, pub-8985115814551729, DIRECT, f08c47fec0942fa0 Free Printable Lesson Plans: Macbeth
Showing posts with label Macbeth. Show all posts
Showing posts with label Macbeth. Show all posts

Free Printable Shakespeare Reader's Guide

Beware the Ides of March! And students, beware of teachers quoting Shakespeare, or Julius Caesar in March! Teachers adore Shakespeare and the Ides of March (March 15) is their feast day! But students--meh, not so much. Are you struggling with Shakespeare? Do you despise your literature teacher for making you read Middle English? Do you fail to see the appeal of the Bard of Avon? That is perfectly understandable, but don't despair. Here are tips to vanquish that Shakespearean tragedy, parse his sonnets and laugh in the face of the Bard's comedy. Teachers and homeschool parents, use these lesson plans to make Shakespeare more approachable for students.
Use your textbook lexicon to translate Middle English. A lexicon is a reference guide like a dictionary that defines and explains word usage from different dialects, regions or periods. Many publishers include a lexicon in the form of references at the bottom of each page. Penguin and Dover Thrift classics of Shakespearean works also include lexicons. Here are free printable Shakespeare lesson plans with lexicons, teachers.
Use a specifically- Shakespeare lexicon. A lexicon will make mincemeat of troublesome Middle English and make you battle-ready for the Ides of March inspired homework assignments! Here are more free printable Shakespeare lesson plans to put Shakespearean dialog in user-friendly terms.
Use Internet study guides. Many sites offer free study guides on Shakespeare's books and sonnets. They will include a character analysis, character web, plot timeline, major themes and chapter or verse breakdown, as well as an explanation of unfamiliar terms. Cliffnotes, Sparknotes, Bookrags, E-Notes and Pink Monkey provide great literary help with Middle English, Here are more free printable Shakespeare resources.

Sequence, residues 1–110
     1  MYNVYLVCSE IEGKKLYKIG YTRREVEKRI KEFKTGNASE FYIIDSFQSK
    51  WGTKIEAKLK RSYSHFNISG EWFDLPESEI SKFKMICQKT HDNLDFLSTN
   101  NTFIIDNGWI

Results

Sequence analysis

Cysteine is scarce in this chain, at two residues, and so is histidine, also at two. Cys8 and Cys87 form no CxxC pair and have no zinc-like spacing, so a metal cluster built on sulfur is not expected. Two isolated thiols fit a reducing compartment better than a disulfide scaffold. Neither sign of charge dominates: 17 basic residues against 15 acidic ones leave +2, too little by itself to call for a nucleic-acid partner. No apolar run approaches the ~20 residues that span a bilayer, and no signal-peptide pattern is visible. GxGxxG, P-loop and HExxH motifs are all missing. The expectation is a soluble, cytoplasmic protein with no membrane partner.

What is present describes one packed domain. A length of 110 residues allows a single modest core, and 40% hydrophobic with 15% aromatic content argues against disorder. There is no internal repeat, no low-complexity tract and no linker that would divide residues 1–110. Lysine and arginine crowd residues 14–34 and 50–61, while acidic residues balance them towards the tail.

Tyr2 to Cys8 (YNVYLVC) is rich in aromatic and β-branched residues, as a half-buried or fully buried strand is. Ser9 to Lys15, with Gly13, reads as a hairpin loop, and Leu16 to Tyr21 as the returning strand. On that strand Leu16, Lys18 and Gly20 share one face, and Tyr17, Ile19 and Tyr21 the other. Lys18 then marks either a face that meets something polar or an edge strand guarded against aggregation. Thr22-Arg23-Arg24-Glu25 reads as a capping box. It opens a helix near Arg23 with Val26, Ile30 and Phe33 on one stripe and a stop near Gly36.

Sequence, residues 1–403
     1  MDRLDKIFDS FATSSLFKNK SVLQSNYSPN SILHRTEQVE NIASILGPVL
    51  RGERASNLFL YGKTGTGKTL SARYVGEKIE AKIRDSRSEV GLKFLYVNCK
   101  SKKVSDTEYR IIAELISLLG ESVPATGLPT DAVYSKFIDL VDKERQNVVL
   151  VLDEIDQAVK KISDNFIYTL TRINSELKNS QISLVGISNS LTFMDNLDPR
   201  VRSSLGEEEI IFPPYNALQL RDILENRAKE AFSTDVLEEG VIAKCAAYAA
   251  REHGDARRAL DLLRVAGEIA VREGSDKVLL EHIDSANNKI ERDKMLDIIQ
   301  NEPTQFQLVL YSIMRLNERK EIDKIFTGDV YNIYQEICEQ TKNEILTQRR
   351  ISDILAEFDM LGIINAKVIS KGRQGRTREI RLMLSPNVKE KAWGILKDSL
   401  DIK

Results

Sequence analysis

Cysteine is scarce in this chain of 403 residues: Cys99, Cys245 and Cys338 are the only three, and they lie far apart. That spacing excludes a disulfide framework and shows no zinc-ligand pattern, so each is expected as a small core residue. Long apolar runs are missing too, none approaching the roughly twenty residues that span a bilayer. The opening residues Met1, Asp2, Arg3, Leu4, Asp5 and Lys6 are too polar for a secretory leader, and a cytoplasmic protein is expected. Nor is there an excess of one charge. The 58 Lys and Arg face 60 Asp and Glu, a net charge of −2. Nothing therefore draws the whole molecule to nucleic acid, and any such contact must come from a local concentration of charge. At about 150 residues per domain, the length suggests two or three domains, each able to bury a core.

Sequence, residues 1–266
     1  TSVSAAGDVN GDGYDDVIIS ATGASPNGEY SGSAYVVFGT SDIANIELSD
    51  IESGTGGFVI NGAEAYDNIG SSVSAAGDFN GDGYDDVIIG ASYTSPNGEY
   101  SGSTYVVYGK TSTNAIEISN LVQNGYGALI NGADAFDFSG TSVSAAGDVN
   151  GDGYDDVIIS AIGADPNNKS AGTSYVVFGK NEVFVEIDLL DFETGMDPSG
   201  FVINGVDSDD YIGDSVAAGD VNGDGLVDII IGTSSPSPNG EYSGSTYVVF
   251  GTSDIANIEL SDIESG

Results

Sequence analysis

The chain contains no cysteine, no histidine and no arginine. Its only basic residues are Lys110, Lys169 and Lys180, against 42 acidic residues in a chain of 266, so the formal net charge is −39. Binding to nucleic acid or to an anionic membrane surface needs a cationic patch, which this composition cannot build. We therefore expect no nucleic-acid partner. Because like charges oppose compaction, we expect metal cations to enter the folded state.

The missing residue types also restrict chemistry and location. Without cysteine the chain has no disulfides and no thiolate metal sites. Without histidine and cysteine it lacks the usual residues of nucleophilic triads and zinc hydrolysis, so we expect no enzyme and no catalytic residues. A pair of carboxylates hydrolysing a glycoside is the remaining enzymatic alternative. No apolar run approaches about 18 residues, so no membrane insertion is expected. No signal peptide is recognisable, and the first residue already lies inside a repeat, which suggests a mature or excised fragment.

Read any Shakespeare story in the narrative or children's version. Julius Caesar should beware the Ides of March and teachers should beware of reading the play versions of Shakespearean works until students have a feel for the actual story without all the confusing theatrical notes and dialogue. Charles and Mary Lamb and Evelyn Nesbit have written beautiful story versions of Shakespeare's that are very readable for all ages.
When you get to the play, read the dialogue aloud. Shakespeare is first and foremost a playwright. His works were written for actors in a theater. His sonnets were written to be read aloud. Read plays as if you're a troupe of theatre actors. Put a little enthusiasm into it! Add the correct emotion (which the play will tell you in parenthesis). Get into character. Reading aloud as Shakespeare's plays were meant to be read, will help you to understand the flow and meaning of the dialogue.

Visualize the similes and metaphors
. Shakespeare was free with metaphor, so to understand his phraseology is to connect with his metaphorical references (which may be very different in Medieval/Renaissance England than in 2016!)